Much of the comedy in the film is drawn out through the absurdity of some of Elton’s costumes. The opening scene of the film sees the “Saturday Night’s Alright for Fighting” singer enter rehab dressed in a bright-orange devil costume that he proceeds to dismantle piece-by-piece through the session, peeling off his horns and taking off his wings as he opens up about his childhood.
“I designed this outfit completely from my head,” explains Day. “I did find a set of devil horns in Elton’s archive but they’re much smaller.
“It was the very first costume I designed of the whole film. We were talking about how he enters rehab. He has to be wearing something spectacular when that happens. I knew the scene was going to be all white and I dressed all the patients in black, white and grey – so the idea of him coming through in an orange devil outfit was perfect. Because he’s at his most tyrannical and at his most desperate.
“He’s got heart-shaped glasses and the headpiece is a heart shape and the wings are a heart – so it’s the idea of him being this dark character but also a cry for love and wanting people to listen to him.”
2. Multicoloured chicken suit
All of Elton’s early stage costumes were found in shops, from the white dungarees we see him wear at his first Troubadour gig to his winged boots bought from London boutique Mr Freedom, but from 1974 the singer employed costume designer Bob Mackie – who designed many of Cher’s costumes – to create his show attire. Enter the era of Elton in feathers, capes and show-stopping hats.
In one memorable scene in Rocketman, Elton is seen in a multicoloured chicken outfit, replete with mohawk feathers. Some of Elton’s mohawk hats stretched as high as 18in – something Day was keen to emulate in the film. He explains how, in one scene, the height of the feathers was created to highlight the absurdity of the situation.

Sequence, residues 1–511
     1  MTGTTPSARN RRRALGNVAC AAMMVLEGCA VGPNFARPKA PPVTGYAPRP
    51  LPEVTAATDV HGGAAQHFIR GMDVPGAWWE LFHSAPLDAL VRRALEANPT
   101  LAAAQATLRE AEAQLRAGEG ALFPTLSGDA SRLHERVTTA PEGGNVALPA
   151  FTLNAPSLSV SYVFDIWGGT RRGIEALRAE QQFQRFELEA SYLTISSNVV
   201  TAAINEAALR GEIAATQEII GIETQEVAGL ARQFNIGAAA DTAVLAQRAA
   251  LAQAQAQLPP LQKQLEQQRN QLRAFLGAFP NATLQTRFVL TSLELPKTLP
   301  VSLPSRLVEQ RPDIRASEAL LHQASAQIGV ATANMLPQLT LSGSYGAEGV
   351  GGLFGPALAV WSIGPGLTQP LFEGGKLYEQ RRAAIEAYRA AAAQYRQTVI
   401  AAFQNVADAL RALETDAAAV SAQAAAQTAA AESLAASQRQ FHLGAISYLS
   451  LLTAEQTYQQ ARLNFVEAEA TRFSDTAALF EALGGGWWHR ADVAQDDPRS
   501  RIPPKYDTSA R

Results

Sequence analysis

“In some ways the costume that I wanted to put most humour into was the one for the Royal Albert Hall: the chicken suit. The theme was Elton arguing with Bernie [his songwriter] about people should respect him and he’s this huge person. So I found the height of the ceiling at the Royal Albert and I made the feathers taller so he became larger than the space itself and the feathers had to bend. Dressed as a chicken trying to ask for people’s respect!”
3. The Dodgers outfit
For his two sold-out performances at the Los Angeles Dodgers stadium in 1975, Elton wore a bespoke sequined Dodgers uniform created for him Mackie. So iconic has this moment become that Harry Styles even paid homage to it on Halloween, posting a picture of his outfit on Instagram – which Elton later regrammed on his own.
For this moment in Rocketman, Day tweaked the costume slightly, opting for Swarovski crystals instead of sequins.
“That was one of only a few of Elton’s costumes we actually directly recreated and I think we had to do it because it’s the most iconic. It’s a great silhouette. But I thought, let’s make it our own version of it, and instead of using the sequins we used crystals. The whole suit is made up of 140,000 Swarovski crystals – they reflect the light even more than sequins.”